I’m guessing that most ESX administrators have experienced at least one time where a VM decides to hang leaving them unable to shut down or restart it.
You have half a dozen production VM’s running, you don’t have VMotion in place and this rogue VM that you need back up and running ASAP is sitting in a greyed out state.
What do you do?
Well you could give one of the following methods a go to try and stop the VM.
DISCLAIMER: Try these commands at your own risk. As with any hung process file corruption can occur when not stopped correctly by the associated application or process.
Log onto the ESX server itself and try one of these commends.
(The commands below should be typed all on one line – also, the datastorename can be quite long so make sure you don’t make a typo)
The Karate Chop:
vmware-cmd /vmfs/volumes/<datastorename>/<vmname>/<vmname>.vmx stop
or The Finger of Death (Be warned this no holds barred move will attempt to kill the VM instantly):
vmware-cmd /vmfs/volumes/<datastorename>/<vmname>/<vmname>.vmx stop hard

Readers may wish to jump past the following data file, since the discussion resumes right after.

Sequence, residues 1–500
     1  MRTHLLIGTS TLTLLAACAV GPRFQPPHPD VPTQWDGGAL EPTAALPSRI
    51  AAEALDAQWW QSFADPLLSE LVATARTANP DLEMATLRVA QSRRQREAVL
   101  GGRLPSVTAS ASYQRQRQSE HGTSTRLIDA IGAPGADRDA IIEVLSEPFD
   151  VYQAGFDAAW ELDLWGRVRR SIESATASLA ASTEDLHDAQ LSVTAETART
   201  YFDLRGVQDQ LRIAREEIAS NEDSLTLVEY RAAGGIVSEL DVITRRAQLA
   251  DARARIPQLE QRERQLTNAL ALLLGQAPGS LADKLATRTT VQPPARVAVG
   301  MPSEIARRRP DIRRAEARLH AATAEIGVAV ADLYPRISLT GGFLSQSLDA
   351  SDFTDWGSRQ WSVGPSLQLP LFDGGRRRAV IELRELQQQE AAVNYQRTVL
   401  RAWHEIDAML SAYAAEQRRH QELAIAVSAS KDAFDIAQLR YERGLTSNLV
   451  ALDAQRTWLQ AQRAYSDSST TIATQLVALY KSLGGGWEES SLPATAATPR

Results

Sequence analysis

Failing that from the ESX console issue the following commands:
1. Firstly list the running VM’s and their associated VM ID’s:
2. Once you have the VM ID of the rogue VM you wish to stop then issue the command (Note: that both commands are case sensitive and one uses a capital ‘x’ and the other lowercase):
vm-support -X <VMID>
Answer the questions (usually ‘no’ to most) and then wait for a good 3-4 minutes whilst a tgz file is generated containing support information. This file is a side product and can be deleted off of the Root directory so to clear disk space.
Hope this helped tame your unruly VM instance…